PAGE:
Glass entrance at St Mary at the Quay

Project:

St Mary at the Quay, Ipswich.   The church, originally built in the 1500’s had fallen into disuse.  It was recently restored and renovated to create a heritage and wellness centre.  Ion Glass were commissioned by Bakers of Danbury on behalf of Suffolk Mind and the Churches Conservation Trust.

Products:

Structural glass entrance lobby; glass door; structural glass fins

Overview:

St Mary at the Quay is a Grade II mediaeval building on the waterfront at Ipswich that had been at the heart of the community and undergone many changes over the centuries but had fallen into disuse over the last 50 years.  The Churches Conservation Trust and Suffolk Mind developed a shared vision for the restoration on the building, creating a heritage and wellbeing centre to serve the community and enhance the regeneration of the area.

Substantial use of structural glass throughout the building ensured contemporary functionality without detracting from the magnificence of the original architecture.

The glass entrance lobby in particular, provides a welcoming space that offers immediate visual access to the restored nave whilst at the same time protecting the building from draughts and heat loss via the original entrance.

Technical Information:

The structural glass lobby was created from 12mm toughened glass to create a space that fits below the mezzanine floor, without the need to move the ancient font from its original position to the right of the entrance.  The construction involved a concealed fixing detail to overcome the differing glass specifications between the 15mm glass panels of the balustrade above and the 12mm glass panels of the lobby.

Structural glass fins were used to stabilise the glass panels for a stylish and minimal result, with the glass secured by simple stainless steel patch fittings.

The glass entrance lobby was completed with a fully sprung glass door, fitted with a simple stainless steel ‘D’ handle.  Full security for the building is provided by the outer door, so locks were not required.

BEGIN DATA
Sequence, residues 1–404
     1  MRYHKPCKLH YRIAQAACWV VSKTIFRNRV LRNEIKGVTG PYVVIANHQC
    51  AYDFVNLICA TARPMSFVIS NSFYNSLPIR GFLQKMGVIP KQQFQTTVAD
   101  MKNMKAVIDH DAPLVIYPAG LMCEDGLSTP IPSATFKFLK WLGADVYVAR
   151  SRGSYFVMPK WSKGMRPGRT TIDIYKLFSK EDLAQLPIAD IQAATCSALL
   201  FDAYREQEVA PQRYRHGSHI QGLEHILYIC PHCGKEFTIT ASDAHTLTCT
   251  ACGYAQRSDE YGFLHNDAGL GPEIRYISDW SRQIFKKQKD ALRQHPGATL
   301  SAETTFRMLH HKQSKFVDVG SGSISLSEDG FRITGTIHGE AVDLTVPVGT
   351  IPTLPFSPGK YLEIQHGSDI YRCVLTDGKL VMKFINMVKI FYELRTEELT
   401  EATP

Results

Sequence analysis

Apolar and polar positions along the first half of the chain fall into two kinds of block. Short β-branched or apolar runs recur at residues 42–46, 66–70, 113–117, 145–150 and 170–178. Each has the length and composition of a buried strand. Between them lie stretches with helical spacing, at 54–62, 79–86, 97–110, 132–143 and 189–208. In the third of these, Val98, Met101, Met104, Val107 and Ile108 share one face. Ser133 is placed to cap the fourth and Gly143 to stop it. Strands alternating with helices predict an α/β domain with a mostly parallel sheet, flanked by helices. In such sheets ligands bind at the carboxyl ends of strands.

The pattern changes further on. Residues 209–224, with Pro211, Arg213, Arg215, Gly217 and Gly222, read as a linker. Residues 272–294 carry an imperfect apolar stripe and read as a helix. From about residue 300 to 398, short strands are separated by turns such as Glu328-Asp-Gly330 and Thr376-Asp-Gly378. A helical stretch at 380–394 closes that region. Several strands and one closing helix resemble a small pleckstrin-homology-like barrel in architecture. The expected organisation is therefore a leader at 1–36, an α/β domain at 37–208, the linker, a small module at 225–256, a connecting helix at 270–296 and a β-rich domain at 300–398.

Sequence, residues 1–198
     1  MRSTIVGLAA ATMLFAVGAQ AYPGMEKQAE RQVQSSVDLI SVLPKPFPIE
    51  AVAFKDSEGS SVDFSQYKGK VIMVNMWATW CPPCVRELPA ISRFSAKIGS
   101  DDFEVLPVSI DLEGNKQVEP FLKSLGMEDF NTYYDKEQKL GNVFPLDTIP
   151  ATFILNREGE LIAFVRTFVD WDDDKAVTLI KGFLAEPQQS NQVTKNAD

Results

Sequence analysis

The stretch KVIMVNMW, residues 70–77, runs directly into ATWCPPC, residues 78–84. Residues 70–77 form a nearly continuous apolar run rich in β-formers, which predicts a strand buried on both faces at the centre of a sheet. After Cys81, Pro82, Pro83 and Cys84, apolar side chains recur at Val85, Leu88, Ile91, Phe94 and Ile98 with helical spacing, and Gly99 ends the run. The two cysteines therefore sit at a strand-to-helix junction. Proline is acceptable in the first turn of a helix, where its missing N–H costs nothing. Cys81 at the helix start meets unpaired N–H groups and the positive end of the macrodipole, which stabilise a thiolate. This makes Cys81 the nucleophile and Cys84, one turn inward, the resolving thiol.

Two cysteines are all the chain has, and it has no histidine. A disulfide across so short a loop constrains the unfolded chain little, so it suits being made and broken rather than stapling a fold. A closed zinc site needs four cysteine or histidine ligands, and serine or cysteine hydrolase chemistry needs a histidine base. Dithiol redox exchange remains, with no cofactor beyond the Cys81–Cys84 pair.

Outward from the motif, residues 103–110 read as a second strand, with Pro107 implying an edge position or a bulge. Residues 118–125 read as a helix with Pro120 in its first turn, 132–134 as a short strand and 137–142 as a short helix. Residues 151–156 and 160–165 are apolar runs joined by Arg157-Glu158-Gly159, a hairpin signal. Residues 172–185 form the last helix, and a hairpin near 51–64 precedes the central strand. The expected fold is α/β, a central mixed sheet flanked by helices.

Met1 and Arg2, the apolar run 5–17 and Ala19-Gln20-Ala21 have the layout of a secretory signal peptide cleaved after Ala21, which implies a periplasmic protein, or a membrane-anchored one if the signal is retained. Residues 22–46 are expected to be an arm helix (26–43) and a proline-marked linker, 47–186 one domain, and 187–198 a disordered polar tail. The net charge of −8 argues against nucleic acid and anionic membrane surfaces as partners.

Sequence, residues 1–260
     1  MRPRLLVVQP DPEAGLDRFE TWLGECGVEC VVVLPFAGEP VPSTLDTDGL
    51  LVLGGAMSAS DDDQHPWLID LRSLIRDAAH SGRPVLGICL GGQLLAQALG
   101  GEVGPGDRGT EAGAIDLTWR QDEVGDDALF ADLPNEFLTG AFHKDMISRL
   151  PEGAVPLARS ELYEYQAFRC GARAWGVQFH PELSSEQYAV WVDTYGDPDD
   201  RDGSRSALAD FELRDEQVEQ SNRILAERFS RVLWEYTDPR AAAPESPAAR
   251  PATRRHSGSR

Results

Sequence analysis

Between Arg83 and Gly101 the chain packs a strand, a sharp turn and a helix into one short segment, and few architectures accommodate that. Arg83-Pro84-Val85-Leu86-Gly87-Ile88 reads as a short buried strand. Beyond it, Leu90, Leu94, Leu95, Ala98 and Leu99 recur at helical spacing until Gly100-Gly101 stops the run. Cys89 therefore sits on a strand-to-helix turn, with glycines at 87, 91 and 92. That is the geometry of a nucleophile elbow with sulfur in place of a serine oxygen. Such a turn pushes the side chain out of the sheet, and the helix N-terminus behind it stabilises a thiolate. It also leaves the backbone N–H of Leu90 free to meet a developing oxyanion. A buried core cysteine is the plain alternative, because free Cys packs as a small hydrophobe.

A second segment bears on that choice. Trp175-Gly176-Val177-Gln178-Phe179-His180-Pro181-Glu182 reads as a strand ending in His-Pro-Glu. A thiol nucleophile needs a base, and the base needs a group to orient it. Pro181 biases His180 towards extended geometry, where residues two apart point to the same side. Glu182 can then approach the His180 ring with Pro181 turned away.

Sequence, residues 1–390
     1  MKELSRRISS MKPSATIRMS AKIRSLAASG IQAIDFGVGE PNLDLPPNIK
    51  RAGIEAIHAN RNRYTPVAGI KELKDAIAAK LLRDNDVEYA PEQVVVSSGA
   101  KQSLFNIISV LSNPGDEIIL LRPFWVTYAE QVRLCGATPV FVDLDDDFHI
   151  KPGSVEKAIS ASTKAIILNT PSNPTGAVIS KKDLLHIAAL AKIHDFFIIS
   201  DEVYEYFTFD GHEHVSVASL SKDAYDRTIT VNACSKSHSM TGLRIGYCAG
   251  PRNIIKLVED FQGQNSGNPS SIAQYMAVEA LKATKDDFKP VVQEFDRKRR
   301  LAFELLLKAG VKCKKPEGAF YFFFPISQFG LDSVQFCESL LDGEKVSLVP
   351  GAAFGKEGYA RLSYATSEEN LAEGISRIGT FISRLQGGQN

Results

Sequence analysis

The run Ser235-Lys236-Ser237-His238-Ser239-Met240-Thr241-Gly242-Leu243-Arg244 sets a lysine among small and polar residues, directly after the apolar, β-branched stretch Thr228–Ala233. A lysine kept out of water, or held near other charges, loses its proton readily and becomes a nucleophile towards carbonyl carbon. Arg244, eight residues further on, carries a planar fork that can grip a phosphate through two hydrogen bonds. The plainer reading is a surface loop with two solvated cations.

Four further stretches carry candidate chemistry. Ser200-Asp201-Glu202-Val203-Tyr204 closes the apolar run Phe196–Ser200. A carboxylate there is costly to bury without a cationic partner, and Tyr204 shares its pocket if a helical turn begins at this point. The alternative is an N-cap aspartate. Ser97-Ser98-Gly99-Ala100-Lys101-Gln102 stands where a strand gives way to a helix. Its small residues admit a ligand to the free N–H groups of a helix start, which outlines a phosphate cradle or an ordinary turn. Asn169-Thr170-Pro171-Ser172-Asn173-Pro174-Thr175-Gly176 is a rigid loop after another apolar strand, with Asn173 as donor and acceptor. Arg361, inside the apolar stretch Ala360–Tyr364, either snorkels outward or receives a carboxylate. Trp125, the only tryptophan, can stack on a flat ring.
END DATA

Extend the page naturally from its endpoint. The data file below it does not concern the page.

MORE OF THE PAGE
The resulting glass structure is robust and functional, fully compliant and meeting all glass and building requirements.

Comments:

Quay Place was opened in November 2016.  Visitors to the restored building have been immediately impressed with the finished results and both the managers and the team of volunteers who work at Quay Place were full of praise for the restoration, commenting on how the use of structural glass in a heritage environment improves the functionality of the building without losing any of the intrinsic atmosphere.

Glass product types

Our specialist glass screens in heritage settings include acoustic glass; fire-rated glass and switchable glass to meet a variety of specific needs

Fully framed, partially framed or fully frameless glass screens with wall or glass hung doors to create new spaces in heritage settings

Install a glass screen to create a new entrance or internal porch to retain light flow whilst minimising heat loss in heritage buildings

Screens and glass partitions divide spaces and create functional environments, meeting rooms and acoustic glass soundproofing
Structural glass balustrades with a wide range of fixing methods can be used internally or externally for optimum results
Glass structures can be added to an existing building, creating a stylish and contemporary glass extension